I love writing, taking photos, travelling and enjoying life. I have a BA of Adult and Vocational Teaching and a Master of Arts (Writing). My business card says Writer, Traveller, Camera Addict, and Bamboo Fan www.dihill.com.au
Published March 23rd 2016
Visit the Mountains - Walk, Picnic, Explore and Take Photos
There's something special about this Lookout – with the drive through the amazing pine forests, up to the brilliant views of some of the eleven hills that comprise the Glass House Mountains.
The name "Glasshouse Mountains" was given to this collection of hills by Captain James Cook in 1770, as the peaks reminded him of his home in Yorkshire and specifically the glass furnaces of the area. You can read more of the history here.
There are several ways to get to the Glass House Mountains Lookout – I travelled from Caboolture onto Beerburrum Road, and continued north to the turn off that takes you onto the old Gympie Road, and followed the signs. It is an interesting drive up past pineapple plantations and strawberry farms then through the pine forests up to the Lookout. It is well signposted, and there's generally plenty of parking when you reach your destination.
There is a great 800 metre walk through the bushland, which is not too challenging I am told, but I did not do it. Instead I stood, with camera in hand, taking photos and admiring the great views to the east and south east of the two key spots to get great views. There is no shortage of places to get great photos, with information boards giving the traditional names of the mountains and other details.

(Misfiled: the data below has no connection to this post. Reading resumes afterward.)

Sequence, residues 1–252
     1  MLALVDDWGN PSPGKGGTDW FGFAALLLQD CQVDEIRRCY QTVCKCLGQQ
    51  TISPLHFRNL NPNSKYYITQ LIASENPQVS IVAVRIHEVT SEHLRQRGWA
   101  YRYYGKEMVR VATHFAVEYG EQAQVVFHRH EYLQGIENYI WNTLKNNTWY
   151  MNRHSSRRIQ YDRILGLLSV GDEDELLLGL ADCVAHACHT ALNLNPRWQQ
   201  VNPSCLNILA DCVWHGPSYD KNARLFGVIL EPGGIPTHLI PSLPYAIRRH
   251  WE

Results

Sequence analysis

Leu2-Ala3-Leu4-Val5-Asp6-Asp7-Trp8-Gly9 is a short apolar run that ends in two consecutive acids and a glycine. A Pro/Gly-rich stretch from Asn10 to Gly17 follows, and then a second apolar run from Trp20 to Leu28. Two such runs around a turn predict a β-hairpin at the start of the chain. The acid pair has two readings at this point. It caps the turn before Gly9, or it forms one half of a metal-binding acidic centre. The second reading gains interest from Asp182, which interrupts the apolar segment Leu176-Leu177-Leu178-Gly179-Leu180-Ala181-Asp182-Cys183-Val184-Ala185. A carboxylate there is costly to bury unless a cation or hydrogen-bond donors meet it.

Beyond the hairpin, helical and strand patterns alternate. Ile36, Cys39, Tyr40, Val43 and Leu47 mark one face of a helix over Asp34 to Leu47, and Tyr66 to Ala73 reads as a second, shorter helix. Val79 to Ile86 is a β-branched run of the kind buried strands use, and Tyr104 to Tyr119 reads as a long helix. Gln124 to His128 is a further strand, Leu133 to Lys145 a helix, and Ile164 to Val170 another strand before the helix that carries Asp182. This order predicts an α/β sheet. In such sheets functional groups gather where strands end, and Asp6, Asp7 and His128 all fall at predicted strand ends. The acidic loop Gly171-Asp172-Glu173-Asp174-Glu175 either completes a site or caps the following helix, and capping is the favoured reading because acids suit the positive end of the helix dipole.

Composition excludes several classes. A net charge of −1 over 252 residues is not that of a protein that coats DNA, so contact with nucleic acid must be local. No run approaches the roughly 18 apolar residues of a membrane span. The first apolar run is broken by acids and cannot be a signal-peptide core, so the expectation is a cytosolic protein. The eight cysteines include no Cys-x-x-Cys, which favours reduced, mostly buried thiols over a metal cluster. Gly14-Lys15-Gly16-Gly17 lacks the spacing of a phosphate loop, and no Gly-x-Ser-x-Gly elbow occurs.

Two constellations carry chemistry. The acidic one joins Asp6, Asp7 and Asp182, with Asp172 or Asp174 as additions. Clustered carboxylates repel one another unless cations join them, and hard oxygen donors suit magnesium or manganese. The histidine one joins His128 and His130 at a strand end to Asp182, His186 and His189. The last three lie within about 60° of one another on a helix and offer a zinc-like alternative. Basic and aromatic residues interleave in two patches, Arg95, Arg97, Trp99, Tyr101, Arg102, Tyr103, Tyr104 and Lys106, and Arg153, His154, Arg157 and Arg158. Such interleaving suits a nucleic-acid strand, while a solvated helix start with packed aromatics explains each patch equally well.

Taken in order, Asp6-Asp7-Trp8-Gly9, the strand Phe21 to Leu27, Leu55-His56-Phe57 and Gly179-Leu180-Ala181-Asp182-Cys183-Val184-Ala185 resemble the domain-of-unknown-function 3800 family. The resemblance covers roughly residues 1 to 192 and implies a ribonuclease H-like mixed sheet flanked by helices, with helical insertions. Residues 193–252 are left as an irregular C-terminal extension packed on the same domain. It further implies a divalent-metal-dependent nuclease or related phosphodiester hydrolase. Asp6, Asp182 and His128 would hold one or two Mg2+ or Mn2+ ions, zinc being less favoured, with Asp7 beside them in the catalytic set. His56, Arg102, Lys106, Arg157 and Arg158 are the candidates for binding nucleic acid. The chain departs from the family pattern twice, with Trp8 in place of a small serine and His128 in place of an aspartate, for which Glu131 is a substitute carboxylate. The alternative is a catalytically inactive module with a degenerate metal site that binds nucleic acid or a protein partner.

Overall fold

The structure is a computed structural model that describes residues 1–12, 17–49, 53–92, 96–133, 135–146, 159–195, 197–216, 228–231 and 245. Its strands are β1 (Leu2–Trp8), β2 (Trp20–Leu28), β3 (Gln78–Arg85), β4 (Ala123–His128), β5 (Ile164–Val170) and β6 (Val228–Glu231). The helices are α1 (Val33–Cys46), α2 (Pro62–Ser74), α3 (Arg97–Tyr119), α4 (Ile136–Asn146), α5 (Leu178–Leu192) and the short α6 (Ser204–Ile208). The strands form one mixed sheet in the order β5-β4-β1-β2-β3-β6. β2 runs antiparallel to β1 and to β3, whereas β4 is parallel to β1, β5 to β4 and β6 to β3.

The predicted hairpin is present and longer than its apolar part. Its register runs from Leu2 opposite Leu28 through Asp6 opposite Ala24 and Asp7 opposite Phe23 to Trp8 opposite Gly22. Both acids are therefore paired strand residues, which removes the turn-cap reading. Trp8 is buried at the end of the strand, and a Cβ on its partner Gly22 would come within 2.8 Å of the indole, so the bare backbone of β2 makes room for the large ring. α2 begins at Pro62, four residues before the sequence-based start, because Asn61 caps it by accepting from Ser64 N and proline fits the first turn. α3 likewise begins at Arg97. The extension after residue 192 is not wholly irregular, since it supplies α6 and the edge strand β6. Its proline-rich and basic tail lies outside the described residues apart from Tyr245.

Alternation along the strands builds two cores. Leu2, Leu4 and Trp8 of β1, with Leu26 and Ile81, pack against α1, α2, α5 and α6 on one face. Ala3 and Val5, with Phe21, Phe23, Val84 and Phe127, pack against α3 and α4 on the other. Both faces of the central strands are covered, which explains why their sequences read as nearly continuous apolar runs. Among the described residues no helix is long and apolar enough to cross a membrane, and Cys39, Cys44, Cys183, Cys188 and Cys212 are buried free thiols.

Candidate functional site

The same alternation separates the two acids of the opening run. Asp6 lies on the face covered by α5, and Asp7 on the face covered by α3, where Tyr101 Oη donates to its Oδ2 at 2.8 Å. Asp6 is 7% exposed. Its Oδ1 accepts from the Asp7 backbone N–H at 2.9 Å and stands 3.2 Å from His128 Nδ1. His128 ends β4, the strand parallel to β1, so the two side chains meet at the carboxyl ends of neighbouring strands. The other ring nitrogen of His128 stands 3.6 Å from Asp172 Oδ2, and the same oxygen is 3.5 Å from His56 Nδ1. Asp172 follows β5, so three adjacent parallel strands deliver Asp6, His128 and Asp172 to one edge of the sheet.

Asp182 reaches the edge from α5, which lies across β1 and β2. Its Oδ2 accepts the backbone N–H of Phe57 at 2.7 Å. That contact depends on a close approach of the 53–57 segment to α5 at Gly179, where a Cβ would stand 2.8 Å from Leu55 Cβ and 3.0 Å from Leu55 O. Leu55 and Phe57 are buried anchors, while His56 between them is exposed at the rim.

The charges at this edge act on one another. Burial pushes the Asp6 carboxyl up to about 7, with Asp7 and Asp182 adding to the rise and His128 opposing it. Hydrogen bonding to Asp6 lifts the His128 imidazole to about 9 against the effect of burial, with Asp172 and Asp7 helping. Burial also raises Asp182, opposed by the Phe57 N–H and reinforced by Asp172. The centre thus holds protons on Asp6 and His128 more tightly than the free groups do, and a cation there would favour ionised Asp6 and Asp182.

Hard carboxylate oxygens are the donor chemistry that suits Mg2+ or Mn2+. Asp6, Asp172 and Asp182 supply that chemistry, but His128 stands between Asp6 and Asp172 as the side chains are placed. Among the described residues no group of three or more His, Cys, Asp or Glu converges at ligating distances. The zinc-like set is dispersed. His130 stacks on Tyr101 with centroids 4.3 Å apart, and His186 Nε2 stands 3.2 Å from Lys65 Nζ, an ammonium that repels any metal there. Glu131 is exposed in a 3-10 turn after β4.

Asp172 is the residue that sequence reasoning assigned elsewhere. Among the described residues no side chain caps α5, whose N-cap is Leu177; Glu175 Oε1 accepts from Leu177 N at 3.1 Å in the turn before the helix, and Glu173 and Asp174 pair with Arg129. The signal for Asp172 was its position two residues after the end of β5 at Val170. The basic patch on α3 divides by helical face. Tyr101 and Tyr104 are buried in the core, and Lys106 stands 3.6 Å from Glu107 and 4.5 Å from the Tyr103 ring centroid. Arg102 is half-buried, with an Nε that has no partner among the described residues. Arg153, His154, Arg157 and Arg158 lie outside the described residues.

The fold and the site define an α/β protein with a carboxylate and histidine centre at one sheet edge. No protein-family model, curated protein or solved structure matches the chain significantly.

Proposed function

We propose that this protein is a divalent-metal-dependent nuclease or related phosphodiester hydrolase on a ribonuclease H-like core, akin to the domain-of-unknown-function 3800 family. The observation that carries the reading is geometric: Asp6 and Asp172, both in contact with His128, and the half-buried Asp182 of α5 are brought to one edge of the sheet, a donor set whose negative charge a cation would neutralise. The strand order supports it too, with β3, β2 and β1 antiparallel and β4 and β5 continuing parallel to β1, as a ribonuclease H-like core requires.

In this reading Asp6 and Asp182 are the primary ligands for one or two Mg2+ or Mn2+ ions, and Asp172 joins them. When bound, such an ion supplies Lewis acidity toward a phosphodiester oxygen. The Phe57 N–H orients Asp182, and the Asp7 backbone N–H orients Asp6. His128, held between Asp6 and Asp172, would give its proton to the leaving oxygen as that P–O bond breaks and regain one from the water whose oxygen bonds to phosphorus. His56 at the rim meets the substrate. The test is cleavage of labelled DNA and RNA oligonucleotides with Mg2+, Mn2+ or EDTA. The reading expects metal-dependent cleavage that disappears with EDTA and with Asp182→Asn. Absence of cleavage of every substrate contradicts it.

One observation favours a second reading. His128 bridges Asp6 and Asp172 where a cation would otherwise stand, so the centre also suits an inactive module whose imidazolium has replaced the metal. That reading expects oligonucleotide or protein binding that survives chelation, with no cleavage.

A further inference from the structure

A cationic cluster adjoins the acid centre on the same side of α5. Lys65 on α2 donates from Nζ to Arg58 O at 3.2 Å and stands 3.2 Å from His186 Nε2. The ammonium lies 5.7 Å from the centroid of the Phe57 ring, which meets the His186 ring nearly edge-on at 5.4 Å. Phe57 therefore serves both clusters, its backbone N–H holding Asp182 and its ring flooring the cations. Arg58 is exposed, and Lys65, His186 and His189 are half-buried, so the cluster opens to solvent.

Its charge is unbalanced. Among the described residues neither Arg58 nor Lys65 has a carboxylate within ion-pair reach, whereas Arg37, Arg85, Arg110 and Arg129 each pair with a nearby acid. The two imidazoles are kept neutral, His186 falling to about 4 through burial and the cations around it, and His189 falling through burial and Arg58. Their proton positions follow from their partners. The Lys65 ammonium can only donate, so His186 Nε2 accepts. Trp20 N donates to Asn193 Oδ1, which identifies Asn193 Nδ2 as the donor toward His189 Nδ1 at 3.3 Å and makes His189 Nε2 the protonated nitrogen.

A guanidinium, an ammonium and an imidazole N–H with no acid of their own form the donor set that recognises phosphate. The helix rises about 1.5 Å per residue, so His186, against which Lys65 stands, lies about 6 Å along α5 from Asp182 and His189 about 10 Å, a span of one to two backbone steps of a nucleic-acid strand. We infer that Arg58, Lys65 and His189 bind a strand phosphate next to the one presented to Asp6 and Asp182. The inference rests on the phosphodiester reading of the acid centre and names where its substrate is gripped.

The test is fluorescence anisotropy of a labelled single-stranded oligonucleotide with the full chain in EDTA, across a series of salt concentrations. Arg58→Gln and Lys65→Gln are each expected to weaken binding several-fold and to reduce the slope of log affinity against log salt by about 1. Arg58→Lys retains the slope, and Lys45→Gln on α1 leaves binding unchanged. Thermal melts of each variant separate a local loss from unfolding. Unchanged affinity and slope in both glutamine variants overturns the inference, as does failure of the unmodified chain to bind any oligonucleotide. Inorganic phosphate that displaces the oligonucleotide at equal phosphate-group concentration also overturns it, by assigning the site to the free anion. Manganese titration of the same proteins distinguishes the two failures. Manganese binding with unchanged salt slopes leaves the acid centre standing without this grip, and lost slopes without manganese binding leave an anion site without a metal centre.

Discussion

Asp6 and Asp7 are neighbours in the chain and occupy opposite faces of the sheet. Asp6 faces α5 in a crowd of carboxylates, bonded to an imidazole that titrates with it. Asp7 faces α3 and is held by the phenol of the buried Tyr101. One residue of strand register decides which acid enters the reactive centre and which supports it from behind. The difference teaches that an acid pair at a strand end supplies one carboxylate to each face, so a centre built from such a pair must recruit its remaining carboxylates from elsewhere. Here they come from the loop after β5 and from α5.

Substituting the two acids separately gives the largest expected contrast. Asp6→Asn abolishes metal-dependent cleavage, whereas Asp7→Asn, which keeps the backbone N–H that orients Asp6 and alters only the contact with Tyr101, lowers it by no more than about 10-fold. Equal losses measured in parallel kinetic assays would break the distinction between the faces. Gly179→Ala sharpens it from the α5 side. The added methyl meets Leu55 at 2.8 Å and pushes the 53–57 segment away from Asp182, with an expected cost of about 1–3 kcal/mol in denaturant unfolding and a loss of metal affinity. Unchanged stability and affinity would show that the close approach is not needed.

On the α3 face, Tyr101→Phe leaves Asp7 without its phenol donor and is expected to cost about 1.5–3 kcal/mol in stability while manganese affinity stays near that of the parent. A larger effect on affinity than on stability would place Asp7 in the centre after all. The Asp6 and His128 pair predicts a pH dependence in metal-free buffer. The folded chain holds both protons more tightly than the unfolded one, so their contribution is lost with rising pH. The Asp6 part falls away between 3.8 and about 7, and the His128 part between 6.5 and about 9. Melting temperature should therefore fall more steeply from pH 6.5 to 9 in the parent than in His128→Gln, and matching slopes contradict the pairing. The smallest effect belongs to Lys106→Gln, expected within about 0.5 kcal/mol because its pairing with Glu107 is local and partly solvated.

There are BBQ and picnic facilities and lawned areas for the children to play. Birds sing in the bush and if you are lucky you will see one of the wallabies that live in the bush nearby. You can take your canine friend as long as it remains on a leash, and there are toilet facilities, though, like my granddaughter, visitors may be a little surprised that they are compost toilets where one has to scoop sawdust into the toilet bowl! A bit of education here, and when I told the grandchildren about the old dunnies and the use of newspaper and pages from telephone books, Master Twelve asked me what a telephone book was!!!
Take a picnic lunch or test the BBQs, or visit one of the cafes in the area, though there is not one at the Lookout. It is a good day trip - with plenty of opportunities to share quality information about the area, farming and the forests with the children.
Why not spend a night or two - there are many great places to stay, in the area.